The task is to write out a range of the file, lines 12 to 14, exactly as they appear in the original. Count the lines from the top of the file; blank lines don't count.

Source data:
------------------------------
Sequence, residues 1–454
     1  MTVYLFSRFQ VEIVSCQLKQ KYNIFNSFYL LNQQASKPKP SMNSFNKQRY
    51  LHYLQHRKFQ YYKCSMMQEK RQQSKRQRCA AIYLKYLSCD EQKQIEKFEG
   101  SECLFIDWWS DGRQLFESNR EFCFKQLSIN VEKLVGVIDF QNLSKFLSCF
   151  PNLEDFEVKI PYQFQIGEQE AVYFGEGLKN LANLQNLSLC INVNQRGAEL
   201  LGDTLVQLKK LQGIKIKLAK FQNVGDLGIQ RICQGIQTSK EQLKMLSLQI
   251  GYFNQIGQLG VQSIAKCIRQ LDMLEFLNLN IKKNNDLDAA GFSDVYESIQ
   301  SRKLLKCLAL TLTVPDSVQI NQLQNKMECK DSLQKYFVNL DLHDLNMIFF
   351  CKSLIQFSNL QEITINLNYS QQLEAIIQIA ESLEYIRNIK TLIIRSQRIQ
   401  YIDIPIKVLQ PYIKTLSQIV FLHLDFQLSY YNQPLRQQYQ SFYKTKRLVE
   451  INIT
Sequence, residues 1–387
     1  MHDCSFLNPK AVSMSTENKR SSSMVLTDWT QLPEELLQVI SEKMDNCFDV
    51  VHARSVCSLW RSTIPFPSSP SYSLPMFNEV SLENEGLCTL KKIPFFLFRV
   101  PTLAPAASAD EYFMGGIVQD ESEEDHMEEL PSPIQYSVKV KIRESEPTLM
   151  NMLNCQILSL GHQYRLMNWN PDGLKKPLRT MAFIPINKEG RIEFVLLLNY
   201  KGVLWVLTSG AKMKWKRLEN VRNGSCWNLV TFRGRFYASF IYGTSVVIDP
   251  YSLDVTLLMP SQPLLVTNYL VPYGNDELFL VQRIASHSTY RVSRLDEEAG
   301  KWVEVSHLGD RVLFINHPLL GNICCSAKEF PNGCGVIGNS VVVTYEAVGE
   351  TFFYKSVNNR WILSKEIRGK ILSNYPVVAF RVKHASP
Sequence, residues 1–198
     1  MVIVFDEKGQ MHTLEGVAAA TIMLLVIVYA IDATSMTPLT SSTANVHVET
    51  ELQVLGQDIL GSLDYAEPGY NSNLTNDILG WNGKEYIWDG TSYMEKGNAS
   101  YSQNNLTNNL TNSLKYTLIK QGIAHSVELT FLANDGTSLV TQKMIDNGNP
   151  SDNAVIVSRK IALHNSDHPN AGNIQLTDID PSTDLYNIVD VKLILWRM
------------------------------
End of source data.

Sequence, residues 1–387
     1  MHDCSFLNPK AVSMSTENKR SSSMVLTDWT QLPEELLQVI SEKMDNCFDV
    51  VHARSVCSLW RSTIPFPSSP SYSLPMFNEV SLENEGLCTL KKIPFFLFRV